A serious accuracy flaw in the kit is it's five hole rims, shared with the other variations done by AMT:



The 1/1 used nine hole rims:



Look for one of the 90s era AMT Olds Cutlass NASCAR kits for the correct rims. I specify this kit, (or any of the AMT GM variations), because it's going to give up some more parts to make this build more accurate, (some of which might surprise you!). Those old AMT kits tend to be dirt cheap & have a lot of parts for a lot of different models. I picked one up open but complete at a model car contest/swap meet in Omaha last year, for three bucks:

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Bluesman Mark



Joined: 01 Mar 2018
Posts: 25

PostPosted: Thu Mar 01, 2018 6:34 pm    Post subject: Reply with quote

The 1/1 had a dry break fuel filler & an overflow tube, neither of which is in the kit:



A friend of mine supplied me with three aftermarket dry break fillers, (as I also plan to do the Petty & Millikan Darts), so I have no idea who offered them. Looking online might help if you're interested in them. He included two overflow tubes in the package, & a third one can be made from the smallest K&S aluminium tubing for the third kit I build.

In order to find the correct location for making the filler hole, I accessed the following pic on my smart phone, enlarged it to match the size of the kit body I was holding, then carefully, (so not as to damage the phone), took the measurements off the photo with my digital calipers:



From there it was easy to drill a starter hole, then enlarge it to filt the filler in:







Since taking those photos, I've since got the filler to fit flush, like the 1/1.

The overflow tub on the 1/1 was located right where the trunk lock is. so I just drilled out the lock & glued in the tube:



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Bluesman Mark



Joined: 01 Mar 2018
Posts: 25

PostPosted: Thu Mar 01, 2018 7:08 pm    Post subject: Reply with quote

The kit's floorpan has the seat mount molded into it, which is understandable, but it leaves a visible open space when viewed from underneath:



Some appropriately sized Evergreen half round styene glued in place & puttied over fixes that issue:





The front cover has a horrible sink mark where the lower mounting post on the back of it is located. I trimmed off the post, drilled out the sink hole & glued a piece of styrene rod in to fix that issue & act as a mounting post:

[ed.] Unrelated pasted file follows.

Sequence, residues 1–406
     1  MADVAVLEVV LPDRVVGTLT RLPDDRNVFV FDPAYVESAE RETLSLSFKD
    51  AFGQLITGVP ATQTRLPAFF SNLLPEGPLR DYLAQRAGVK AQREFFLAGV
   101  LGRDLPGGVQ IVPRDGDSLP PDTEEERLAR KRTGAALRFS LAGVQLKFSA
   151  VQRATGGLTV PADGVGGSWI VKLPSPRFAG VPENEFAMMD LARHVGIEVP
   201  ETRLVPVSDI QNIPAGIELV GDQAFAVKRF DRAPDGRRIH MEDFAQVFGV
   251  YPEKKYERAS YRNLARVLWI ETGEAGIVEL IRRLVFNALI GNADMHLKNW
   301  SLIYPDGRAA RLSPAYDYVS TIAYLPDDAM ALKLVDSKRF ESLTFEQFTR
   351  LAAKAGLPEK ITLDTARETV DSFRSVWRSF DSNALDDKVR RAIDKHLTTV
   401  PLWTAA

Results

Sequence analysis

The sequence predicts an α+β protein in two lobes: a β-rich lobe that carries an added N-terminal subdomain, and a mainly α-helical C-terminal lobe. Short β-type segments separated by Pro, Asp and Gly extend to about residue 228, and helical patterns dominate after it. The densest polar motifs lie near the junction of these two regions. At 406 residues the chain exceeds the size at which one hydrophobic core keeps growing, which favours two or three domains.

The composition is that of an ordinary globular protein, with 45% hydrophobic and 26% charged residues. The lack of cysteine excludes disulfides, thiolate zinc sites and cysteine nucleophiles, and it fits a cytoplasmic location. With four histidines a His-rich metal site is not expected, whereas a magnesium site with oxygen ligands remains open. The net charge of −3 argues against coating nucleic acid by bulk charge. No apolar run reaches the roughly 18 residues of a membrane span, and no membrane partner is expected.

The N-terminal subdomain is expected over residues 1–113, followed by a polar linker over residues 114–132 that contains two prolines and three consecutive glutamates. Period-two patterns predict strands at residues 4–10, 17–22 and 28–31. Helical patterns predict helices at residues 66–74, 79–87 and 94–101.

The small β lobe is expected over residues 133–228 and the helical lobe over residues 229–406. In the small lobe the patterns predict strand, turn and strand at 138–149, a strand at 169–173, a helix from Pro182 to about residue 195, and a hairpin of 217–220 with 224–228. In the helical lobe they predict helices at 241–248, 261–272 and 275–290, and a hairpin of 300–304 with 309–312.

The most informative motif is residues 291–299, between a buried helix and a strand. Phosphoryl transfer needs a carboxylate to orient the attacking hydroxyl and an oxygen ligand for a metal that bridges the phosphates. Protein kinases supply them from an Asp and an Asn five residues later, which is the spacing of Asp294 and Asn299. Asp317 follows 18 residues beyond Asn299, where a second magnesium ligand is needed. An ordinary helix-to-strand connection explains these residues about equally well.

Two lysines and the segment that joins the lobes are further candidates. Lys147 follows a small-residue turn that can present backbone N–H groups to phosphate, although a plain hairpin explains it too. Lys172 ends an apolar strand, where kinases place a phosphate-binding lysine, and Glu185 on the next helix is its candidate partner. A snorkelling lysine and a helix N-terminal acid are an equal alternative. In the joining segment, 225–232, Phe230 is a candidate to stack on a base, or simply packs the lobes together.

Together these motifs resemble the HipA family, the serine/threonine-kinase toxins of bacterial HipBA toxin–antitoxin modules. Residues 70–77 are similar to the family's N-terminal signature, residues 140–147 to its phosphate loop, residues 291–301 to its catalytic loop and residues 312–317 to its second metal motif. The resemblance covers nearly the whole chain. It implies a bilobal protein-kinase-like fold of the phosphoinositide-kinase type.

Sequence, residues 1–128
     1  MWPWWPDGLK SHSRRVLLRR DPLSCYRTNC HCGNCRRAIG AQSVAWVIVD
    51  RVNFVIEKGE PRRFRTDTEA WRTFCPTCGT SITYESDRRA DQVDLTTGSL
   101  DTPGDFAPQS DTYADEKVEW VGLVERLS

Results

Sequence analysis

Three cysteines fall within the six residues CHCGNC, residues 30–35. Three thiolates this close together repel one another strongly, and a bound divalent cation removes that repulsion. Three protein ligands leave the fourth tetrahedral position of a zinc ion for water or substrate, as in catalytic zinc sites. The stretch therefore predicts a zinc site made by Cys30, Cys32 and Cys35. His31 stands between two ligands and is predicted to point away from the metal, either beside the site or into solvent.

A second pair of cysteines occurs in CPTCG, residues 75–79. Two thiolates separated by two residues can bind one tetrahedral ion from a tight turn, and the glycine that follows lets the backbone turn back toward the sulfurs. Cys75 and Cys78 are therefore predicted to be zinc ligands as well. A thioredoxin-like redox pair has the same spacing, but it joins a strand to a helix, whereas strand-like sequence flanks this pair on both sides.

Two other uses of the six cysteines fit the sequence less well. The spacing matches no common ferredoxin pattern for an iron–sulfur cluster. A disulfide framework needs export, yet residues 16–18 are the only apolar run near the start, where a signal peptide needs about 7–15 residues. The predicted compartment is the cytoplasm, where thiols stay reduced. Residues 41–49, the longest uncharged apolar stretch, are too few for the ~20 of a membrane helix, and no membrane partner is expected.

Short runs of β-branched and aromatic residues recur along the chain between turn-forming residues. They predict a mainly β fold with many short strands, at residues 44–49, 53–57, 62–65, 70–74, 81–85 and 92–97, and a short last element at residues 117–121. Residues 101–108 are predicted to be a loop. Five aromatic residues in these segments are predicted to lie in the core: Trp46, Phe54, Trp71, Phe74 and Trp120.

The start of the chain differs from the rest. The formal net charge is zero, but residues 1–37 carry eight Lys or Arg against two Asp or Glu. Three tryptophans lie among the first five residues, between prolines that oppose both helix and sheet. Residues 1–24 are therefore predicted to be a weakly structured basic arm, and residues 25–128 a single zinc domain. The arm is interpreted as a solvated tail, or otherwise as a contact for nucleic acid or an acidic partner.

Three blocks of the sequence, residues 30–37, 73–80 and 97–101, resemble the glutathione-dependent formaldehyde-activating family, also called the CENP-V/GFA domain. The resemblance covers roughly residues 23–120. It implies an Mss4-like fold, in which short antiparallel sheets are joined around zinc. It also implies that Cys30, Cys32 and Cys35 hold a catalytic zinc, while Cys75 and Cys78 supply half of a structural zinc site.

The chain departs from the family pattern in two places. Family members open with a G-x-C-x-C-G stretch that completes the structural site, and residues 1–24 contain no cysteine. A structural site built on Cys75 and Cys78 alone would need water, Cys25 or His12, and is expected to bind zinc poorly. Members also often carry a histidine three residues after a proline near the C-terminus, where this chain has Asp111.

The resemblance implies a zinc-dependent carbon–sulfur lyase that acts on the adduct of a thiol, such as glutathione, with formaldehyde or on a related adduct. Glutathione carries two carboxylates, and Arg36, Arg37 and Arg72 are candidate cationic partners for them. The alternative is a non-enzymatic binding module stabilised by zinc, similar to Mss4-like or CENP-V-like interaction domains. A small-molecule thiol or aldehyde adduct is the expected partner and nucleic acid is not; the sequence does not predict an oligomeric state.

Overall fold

There are two ejector pin marks on the engine mount, one of which is in the crease. CA glue & accelerator filled those:



I mentioned the AMT Cutlass, well, the valve covers in it are much better looking than the Mopar ones. Sacrilege I know! Well not really. When Mopar was developing the 340 LA small block in 1966, to be introduced in the 1967 model year. 1966 is when Chevy came out with the 327 CI/350 HP Corvette engine in the Nova SS. Chrysler's engineers got one for comparison when the LA engine development was already well along, & were amazed by it. They then went back & copied the port design of the Chevy heads as closely as possible for the 340. Turns out that due to the head bolt arrangement on the Mopar block, they had to change it a bit, & wound up with an even better breathing engine than the Corvette small block. because of that, many of the parts in the SBC engine look more correct for a W2 Mopar engine., including the valve covers, especially in their height.

The problem with the SBC valve covers is heat shields are molded to the lower edge of them, & removing those weakens the covers, & makes them too small. Also, they are longer than the heads on the engine I'm using.

I simply measured the covers compared to the Mopar heads, cut them to fit & glued them back together, & then glued each valve cover to a sheet of styrene, then trimmed the styrene to fit around the valve cover, (top & bottom, not the ends), once the glue dried. I also glued styrene to the bottom of the covers to add mounting posts to the covers.

Here's a couple of pics of one cut & glued to the styrene next to one waiting to be trimmed to fit:



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Gary Davis



Joined: 02 Feb 2018
Posts: 150
Location: Tacoma,Washington

PostPosted: Sun Mar 04, 2018 5:57 pm    Post subject: Reply with quote

Hey Mark.....I really want to see your work and the corrections on this kit but...the pics are just too big. I have to hunt for the part in the picture to try and view it. Way to difficult to view bud...